The Duck of Minerva

The Duck Quacks at Twilight

Shooting yourself in the foot

July 19, 2006

It would appear that many conservatives have finally grown weary enough of the administration’s approach to foreign policy that they are beginning to make themselves heard. I agree with them on the basic point—the Iraq campaign made the US weaker and demonstrates that everyday. From the Washington Post:

“Conservatives complain that the United States is hunkered down in Iraq without enough troops or a strategy to crush the insurgency. They see autocrats in Egypt and Russia cracking down on dissenters with scant comment from Washington, North Korea firing missiles without consequence, and Iran playing for time to develop nuclear weapons while the Bush administration engages in fruitless diplomacy with European allies. They believe that a perception that the administration is weak and without options is emboldening Syria and Iran and the Hezbollah radicals they help sponsor in Lebanon.”

All the neo-con crap about appeasement I disagree with, as my previous posts should make apparent. It isn’t a lack of will that is causing the administration to tread more carefully—it is a lack of capability due to Iraq. Neo-con enthusiasts don’t seem to get this very important point–our inability to be ‘tougher’ at the moment stems from the conflict they championed. Many would call that shooting yourself in the foot. A little foresight and caution would have gone a long way.

First, there were more pressing problems internationally than Iraq in 2003. We were already aware of how much closer North Korea was to developing both nuclear weapons and the means to deliver them (well, the means aren’t there yet—but moving on…). Given the ripple effects that are nuclear capable DPRK could cause in their region combined with their propensity to sell whatever they develop in order to keep the lights on one would think North Korea a more pressing issue than Iraq.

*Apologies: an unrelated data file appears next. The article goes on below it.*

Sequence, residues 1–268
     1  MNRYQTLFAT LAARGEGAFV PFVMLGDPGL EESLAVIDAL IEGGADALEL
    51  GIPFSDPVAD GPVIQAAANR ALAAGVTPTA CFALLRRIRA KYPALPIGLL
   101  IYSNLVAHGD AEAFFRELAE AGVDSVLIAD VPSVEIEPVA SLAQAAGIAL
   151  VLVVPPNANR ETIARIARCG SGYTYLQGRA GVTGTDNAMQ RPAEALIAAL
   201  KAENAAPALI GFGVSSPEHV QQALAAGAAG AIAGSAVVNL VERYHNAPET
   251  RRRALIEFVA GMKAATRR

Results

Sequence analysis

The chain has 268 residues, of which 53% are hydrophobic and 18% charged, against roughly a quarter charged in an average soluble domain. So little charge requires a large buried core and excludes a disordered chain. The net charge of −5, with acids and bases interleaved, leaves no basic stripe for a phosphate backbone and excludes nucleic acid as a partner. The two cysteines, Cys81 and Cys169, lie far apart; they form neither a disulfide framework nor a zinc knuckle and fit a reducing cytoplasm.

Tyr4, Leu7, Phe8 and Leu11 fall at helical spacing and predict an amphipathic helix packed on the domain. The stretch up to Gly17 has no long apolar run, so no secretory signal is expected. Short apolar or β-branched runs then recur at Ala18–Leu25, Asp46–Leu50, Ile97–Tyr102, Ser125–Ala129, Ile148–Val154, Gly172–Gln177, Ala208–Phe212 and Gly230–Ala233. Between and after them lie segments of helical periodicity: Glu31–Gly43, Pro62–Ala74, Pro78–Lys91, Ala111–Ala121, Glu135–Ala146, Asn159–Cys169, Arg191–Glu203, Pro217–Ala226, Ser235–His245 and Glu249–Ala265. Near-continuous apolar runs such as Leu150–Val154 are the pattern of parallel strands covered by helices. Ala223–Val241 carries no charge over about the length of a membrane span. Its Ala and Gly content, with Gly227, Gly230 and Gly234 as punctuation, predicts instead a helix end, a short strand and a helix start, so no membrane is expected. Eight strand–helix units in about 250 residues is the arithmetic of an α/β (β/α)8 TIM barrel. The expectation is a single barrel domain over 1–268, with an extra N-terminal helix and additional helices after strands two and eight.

Second, Afghanistan remains an unfinished project. Since we are so worried about failed-states (and rightly so) one would think the prudent thing to do would be to finish the job we started in Afghanistan and to do so more earnestly than we have to-date. Again, that takes dedication, focus, and resources–all of which where diverted to Iraq.

Finally, analysts aren’t psychics. However they can see a bit into the future and imagine scenarios that might require the attention of the United States. Other than in the event of total war leaders should take care to leave themselves some slack, some flexibility to so that if they have to react to an emerging crisis they can. When you stretch yourself thin on one, narrow campaign that is not a matter of life or death you leave yourself weaker strategically (or, at the very least, project the image of weakness to adversaries).

I am glad people are begining to come around to the idea that Iraq was a bad idea for strategic reasons, even if I disagree with some of the more specific complaints by certain crowds. Leading powers typically aren’t defeated by other states. Rather, they have this incredible propensity to defeat themselves through overstretch and a lack of humility. Here’s to hoping we don’t suffer the same fate.

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Petti is Associate Director of Insights and Analytics at Alexion . Previously, he served as Lead Data Scientist in the Decision Sciences group at Maritz Motivation and a Global Data Strategist and Subject Matter Expert for Gallup.